You can do pretty much anything in a good pair of jeans these days — climb, hike, bike, head to work or out to the pub. But which pair is best if you not only want to look good but also lead an active lifestyle? Companies like Patagonia and newcomers like reDEW make jeans with stretch to give your better range of motion, not to mention increased comfort and durability. We put six different pairs of active jeans to the test to help you narrow down your choices.
San Fran-based Chrome dub these jeans “the toughest pair you’ll ever own, period.” And out of the box that claim certainly seems to be true. These five-pocket jeans are stiff, a rugged touch that’s likely due to the Dyneema, a fabric that’s 15 times stronger than a steel cable of the same weight, that’s been custom-woven into the 12-ounce Cone Mills denim. I’ve found that they take a while to break in and soften up; Chrome’s DNA is anchored in city cycling, and that’s one way to get that done, and fast. But I was surprised to have one of the rivets in the coin pocket blow out after a few months. A 365-day warranty should help alleviate some concerns about that happening to you. They also run a bit big in the waist, so size down; otherwise, they offer plenty of room in the legs. Want something thinner? Try the Wyatt Slim, which has a more tailored look and doesn’t report the same sizing issues at the waist.
A relative upstart in the active denim game, Boulder was started by two climbing enthusiasts who got sick of lesser jeans while climbing, and set out to create their own stretch denim. The jeans are crazy-stretchy but bounce back admirably, and after several months of use, the company’s claim that they don’t bag out is holding strong. Their design eschews the gusseted crotch found in other active denim designs, which makes ‘em slightly more traditional in styling than some other active models. A hydrophobic coating delivers some water repellency (and also helps fight stains and stink), and the twin hand pockets are plenty deep. They also have a “trap pocket”—a zippered inner pocket on the left side, that climbers can use to keep their keys or phone secure, but something that others might find superfluous. They come in three fits—a woman’s skinny, and the men’s athletic and slim. If you run on the trim side, opt for the slim. It makes the best use of the stretch.
One of the first active- and travel-centric jeans on the market, Duer’s still remain one of the best, with a slim fit that’s very fashion forward but not at all restrictive when biking, hiking, or running to catch your next plane, train, or bus. The overall stretch comes from a blend of denim and Spandex, buoyed by a seat gusset for added range of motion—but it blends into the overall aesthetic of the pants themselves. They also use triple-stich seams and have integrated Coolmax fibers to wick moisture and insulate in the cold. I have worn these for years, and still love them. Opt for the “dusk” colorway, a mid-tone blue with a bit of whisking and sanding to give ‘em an instant worn-in look.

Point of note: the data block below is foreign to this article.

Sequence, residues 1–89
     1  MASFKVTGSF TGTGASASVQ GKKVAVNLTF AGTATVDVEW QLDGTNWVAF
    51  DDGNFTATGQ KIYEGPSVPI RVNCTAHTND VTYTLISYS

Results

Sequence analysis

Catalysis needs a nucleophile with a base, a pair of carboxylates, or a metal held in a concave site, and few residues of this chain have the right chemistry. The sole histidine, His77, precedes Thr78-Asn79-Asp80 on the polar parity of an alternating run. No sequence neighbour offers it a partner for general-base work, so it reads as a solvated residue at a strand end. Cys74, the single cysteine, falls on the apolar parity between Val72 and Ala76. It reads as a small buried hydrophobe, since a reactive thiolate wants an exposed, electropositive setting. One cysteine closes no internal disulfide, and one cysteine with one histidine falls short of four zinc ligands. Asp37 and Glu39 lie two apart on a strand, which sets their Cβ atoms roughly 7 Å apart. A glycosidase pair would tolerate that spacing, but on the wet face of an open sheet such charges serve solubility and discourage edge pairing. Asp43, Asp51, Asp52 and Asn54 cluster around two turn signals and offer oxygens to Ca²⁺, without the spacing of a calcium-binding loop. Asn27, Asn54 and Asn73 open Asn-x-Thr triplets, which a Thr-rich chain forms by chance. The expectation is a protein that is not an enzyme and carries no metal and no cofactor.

Mission Workshop The Mission
Despite the fact that Mission Workshop calls the Mission a “jean,” don’t expect your traditional denim. The company developed thus fabric—a durable stretch-woven material—with an Italian millery near Lake Como, Italy, and it’s more like a soft shell crossed with a canvas work pant (in a good way). But the Mission’s aesthetic takes every sartorial lead from the traditional five-pocket blue jean. After weeks of wear and tear (biking and hiking and traveling), the comfort belies its durable-yet-refined appearance. Almost like wearing sweat pants disguised as jeans, with ample stretch, no wrinkles, and no hint of ever bagging out. It comes in slim and straight fits; go for the thinner one to better-utilize that four-way stretchy freedom.
Like many jeans on this list, Patagonia gets its performance from the integration of stretch-friendly Coolmax fabric, blended into 71% organic denim, to deliver mechanical stretch, moisture management, and a DWR finished. Unlike the others on this list, these jeans are Fair Trade Certified for sewing, uses only 100% organic cotton grown without any of the nasty bits, and employs a dying process that reduces the amount of water, energy, and chemicals typically used in crafting jeans. In other words, Patagonia continues their environment-first mantra, and breaks new ground in denim development in the process. Fit-wise, they’re a touch slim despite calling them “regular fit,” and the denim looks almost shockingly new and…dare we say…a bit too traditionally jeans-like, at least until you put in a bit of wear and tear. You should take that a challenge.
Set to launch in the US imminently, Swedish brand reDEW makes athletic jeans that are not only stretchy enough to move with you, but are also made through a more environmentally friendly process that consume 80 percent less water and chemicals and 50 percent less energy than your average pair of jeans. reDEW uses Archroma dyes to color the denim — plant-based dyes sourced from 100 percent renewable resources instead of petroleum. To top it off, the company donates 25% of its profits to various projects that help save endangered species and their natural habitat.